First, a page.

Despite certain rumours, your birth sign is the right one! Periodically, there is a debate rattling the media: namely, that with the phenomenon of the precession of the equinoxes, the skies above us today are different from those that formed the base of traditional astrology. The discovery of the precession of the equinoxes is not a recent one as it had already caught the attention of the ancient Babylonians. It refers to the slow change in direction of the rotation of the Earth's axis.
Each morning, the Sun rises in one constellation, but not at exactly the same point as on the previous day. If you observe the sunrise on 21 March over successive years, you will notice that it does not rise at exactly the same point in the constellation from one year to the next. There is a slight discrepancy of 10° every 72 years. These discrepancies add up to complete a 360° circle over 25,920 years, determining the change from one Age to the next.
The point in the sky where you could previously see the constellation of Aries is now in the constellation of Pisces So does this mean that everyone is in reality born under the previous sign?
It was the astrological signs that gave their name to the constellations and not the reverse!
For an astrologer, a sign is simply a way of designating a 30°sector of the sky. These twelve sectors were given their names in ancient times, when shepherds contemplated the sky and the symbolic patterns formed by the stars. Astrologers at the time instinctively gave each sector of the sky a symbolic name, connected with the shape formed by a series of stars.
As a result, in 600 years B.C., the precise location of the vernal point (the exact point where the Sun rises at the spring equinox) was on the longitude of the constellation of Aries. However, the constellations do not follow each other in precise sectors of 30°, but overlap and are of very different sizes. In this way, some identified a thirteenth constellation between Scorpio and Sagittarius (the famous Ophiuchus) and were tempted to add it as a thirteenth sign. However, once again, it is not the constellations that give their name to the signs, but the other way round!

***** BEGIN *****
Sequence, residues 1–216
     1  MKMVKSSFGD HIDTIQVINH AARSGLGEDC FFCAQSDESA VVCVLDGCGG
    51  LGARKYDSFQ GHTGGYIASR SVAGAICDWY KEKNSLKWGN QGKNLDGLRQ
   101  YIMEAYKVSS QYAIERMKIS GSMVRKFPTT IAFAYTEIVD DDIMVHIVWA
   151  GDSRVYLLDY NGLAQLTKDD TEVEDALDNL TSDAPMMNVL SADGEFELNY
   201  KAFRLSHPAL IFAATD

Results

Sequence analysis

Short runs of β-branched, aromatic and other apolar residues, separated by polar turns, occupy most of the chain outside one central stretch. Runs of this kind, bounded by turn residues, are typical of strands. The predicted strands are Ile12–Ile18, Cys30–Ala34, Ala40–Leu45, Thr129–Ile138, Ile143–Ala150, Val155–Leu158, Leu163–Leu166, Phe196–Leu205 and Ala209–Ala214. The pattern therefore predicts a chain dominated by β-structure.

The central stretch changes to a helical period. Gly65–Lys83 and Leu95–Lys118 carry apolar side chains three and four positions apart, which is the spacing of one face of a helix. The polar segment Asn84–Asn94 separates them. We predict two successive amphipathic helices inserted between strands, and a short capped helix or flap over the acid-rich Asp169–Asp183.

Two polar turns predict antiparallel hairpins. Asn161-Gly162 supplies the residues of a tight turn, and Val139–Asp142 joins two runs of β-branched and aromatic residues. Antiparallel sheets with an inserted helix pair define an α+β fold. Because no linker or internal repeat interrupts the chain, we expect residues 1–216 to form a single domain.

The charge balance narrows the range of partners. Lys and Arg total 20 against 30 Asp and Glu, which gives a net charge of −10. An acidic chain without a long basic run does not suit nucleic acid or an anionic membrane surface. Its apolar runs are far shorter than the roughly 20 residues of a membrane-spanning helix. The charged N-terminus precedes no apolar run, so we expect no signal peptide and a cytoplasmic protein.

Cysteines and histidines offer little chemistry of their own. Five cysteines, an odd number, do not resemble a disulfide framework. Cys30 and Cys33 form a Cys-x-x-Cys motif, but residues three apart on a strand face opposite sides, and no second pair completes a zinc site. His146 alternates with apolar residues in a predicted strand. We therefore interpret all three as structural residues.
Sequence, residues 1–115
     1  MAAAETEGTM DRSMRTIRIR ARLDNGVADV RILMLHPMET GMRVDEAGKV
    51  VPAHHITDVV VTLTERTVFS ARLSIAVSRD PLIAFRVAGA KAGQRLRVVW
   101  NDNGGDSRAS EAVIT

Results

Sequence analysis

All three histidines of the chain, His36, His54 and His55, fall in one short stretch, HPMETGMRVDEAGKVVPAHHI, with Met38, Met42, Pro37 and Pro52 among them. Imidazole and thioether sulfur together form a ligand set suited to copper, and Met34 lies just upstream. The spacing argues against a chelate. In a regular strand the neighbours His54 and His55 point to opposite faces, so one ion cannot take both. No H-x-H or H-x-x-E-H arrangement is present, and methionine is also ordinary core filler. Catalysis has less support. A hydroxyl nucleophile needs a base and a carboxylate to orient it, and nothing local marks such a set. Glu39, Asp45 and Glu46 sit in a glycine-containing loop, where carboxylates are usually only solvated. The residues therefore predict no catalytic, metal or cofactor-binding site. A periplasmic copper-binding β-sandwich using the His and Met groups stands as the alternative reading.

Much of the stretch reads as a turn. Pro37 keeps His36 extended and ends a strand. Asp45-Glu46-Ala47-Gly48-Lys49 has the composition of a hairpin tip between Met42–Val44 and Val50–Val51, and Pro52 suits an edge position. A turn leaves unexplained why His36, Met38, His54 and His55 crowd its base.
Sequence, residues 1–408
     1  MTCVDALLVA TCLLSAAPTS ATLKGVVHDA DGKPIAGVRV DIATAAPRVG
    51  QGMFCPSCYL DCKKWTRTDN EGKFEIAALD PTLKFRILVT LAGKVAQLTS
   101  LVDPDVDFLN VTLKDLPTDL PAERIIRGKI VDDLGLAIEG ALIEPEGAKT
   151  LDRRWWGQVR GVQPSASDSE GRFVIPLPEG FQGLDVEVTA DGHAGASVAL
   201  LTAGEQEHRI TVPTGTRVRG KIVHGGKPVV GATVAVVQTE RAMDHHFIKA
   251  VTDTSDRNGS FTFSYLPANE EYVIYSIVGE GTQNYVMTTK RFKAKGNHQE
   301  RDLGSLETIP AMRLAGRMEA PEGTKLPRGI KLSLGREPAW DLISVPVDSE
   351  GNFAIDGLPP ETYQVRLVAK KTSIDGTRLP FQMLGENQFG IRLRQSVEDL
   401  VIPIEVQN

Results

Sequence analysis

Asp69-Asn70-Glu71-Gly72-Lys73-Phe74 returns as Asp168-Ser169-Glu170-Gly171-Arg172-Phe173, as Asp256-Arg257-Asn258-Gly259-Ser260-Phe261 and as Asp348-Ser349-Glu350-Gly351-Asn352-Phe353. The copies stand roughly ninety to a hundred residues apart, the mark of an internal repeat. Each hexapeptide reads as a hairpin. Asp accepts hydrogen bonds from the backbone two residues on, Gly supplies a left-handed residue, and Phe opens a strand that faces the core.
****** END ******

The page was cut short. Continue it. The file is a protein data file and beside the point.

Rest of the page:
The solar sign, for example, simply represents the Sun's position in terms of degrees over the course of the astrological circle. This circle, with the Earth at its centre, is divided into 12 sectors, each one illustrated by the constellation observed in this area in ancient times. Our astrology has retained the signs as they were envisaged, i.e. based on the characteristics of the SEASONS, with 0° Aries based at the Sun's position during the spring equinox.
Today, this backdrop or setting formed by the constellations has moved and when the Sun is in the constellation of Aries in 2015, it will appear visually (to an astronomer) to be in the constellation of Pisces.
However, the astrologer is not concerned with the uncertain influence of the stars (apart from the Sun, which is our star),but uses the influence of the planets. The astrologer needs to know their precise position in terms of degrees, with little concern for any changes in the design of the backcloth. The sector is always in the same place.
The twelve signs of the zodiac and their traditional names are therefore no more than an efficient mnemonic means of observing the Earth's position in its orbit around the Sun.
The most common astrological method is tropical astrology. For our part, we have always opted for the traditional method of working with the tropical zodiac, where the Sun travels through 12 fixed sectors of the zodiac in its annual course of revolution. These sectors form a circle over the 365 days of the year.
A few astrologers, often in specific studies, also use sidereal astrology, which takes account of the actual location of the constellations at the time of birth. This means that you could be an Aries to a tropical astrologer and a Pisces to a sidereal astrologer.
The origins of astrology: The Origins of Astrology
Tropical or sidereal astrology: Sidereal Astrology or Tropical Zodiac
Precession of the equinoxes and the Age of Aquarius: The Age of Aquarius